Bill initially served as Biddle’s head of circulation services, but later transitioned into his current role of reference librarian, where for decades he has made his true impact as an ambassador for Biddle and the Penn Law community. Among many accomplishments, he served as a trusted liaison and researcher to dozens of faculty members, taught LLM, 1L, and advanced seminar courses, and mentored generations of law students interested in getting their papers published. And, perhaps most recognizably, Bill’s major and lasting achievement for the Penn Law community was serving as one of the major architects, as well as the day-to-day overseer, of the Penn Law Scholarship Repository.
What drew you to librarianship?
I tried the practice of law, and it wasn’t for me. A law school colleague of mine suggested that I investigate library school at Illinois (our Alma Mater). I followed through, and for a time we were officemates at the Library of the U of Illinois College of Law. Running circulation and stacks services at Illinois did not dissuade me. It was fun.
Describe some changes you’ve seen over the years, either in librarianship or at Biddle.
I have worked for many years to exceed faculty expectations. Library automation made that easy at first. However, as most faculty members have gone digital, it has become increasingly difficult to find ways to exceed those expectations.
New law students used to be mystified by paper legal research systems. No longer. Lexis and Westlaw now have Google-like interfaces that seem to have removed the learning curve for new law students. The result is that they think they know how to research when it’s still not that simple.
You’ve had a successful career. What accomplishments are you most proud of?
I worked from 1992 to 1995 to grow circulation/stacks staffing from 5 union and 6 or 8 student positions to 6 union and 18 student/part-time positions. We had double staffing at the Circulation Desk at all times; we had a student stack assistant assigned to each floor in Tanenbaum; and we had a student assigned to shifting and reshelving in the microform room. We also had a “townie” part-time employee to help with coverage during breaks.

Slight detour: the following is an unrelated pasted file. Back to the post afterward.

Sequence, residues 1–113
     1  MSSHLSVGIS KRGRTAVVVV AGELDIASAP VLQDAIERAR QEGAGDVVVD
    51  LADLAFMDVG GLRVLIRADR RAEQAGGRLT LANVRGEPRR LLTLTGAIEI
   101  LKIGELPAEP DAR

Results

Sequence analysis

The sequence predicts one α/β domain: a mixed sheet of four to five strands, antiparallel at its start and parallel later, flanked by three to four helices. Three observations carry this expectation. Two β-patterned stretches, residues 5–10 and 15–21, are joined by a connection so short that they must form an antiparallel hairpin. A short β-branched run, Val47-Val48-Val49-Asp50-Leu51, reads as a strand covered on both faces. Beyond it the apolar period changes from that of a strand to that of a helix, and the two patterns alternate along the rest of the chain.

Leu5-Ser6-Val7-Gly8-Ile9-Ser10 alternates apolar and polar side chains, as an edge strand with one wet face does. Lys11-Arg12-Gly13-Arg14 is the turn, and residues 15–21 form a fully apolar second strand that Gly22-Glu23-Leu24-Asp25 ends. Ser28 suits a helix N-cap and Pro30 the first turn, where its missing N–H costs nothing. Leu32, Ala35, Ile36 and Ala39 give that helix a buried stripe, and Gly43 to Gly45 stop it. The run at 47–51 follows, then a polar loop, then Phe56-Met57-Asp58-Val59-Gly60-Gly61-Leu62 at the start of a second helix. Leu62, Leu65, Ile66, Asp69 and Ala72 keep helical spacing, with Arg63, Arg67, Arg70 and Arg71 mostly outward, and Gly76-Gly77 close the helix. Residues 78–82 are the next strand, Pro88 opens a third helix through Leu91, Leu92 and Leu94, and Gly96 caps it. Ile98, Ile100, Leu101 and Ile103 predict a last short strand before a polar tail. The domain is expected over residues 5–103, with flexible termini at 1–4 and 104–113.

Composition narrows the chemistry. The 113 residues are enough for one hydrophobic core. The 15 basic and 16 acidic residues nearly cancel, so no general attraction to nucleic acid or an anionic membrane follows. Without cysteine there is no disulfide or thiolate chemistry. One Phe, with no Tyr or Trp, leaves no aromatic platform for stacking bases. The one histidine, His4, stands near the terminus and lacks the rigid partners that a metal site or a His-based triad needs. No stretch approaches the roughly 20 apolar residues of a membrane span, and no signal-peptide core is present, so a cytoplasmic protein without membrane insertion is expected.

I published three articles in law reviews.
I taught a directed reading seminar here for three years with Prof Howard Lesnick, entitled The Science, Religion and Law of Human Survival. It was a dream come true.
And I had the pleasure of working with such esteemed faculty members as Elizabeth Warren, David Skeel, Jill Fisch, Dave Hoffman, Elizabeth Pollman, and Frank Goodman.
What were some memorable experiences and what did you gain while working with faculty?
I have some wonderful stories about life in the old library. The elevators would jam regularly, with employees screaming for help. Empty book boxes were thrown down the front stairs (near the Lincoln bust) on their way to the dumpster. There was an occasion when this practice was termed “Bowling for Faculty.” Prof Warren survived to move to Harvard and run for office.
At one point I was assigned to all of the law & economics scholars on our faculty. I was even the co-editor of the American Law & Economics Association Newsletter for three years. My economics degree helped greatly. The more I worked in the area, the more I understood that the entire field of law & economics is based on unlimited self-interest and that laws were being erected to protect the self-interest implicit in economic theory. When I realized that such laws were leading to the taking of lives, including marginalized and minority lives, I drew the line and said, “No more.” That’s when I started writing articles about the legal system, its impact, and ways to avoid that impact.
I still have one more article to write. And I will be getting married. My fiancée will determine a lot of what happens in the next chapter. I look forward to sitting on a rocker on the front porch of our cabin and looking out at the otters playing in the lake out front. And I look forward to kayaking on that lake and hiking around it.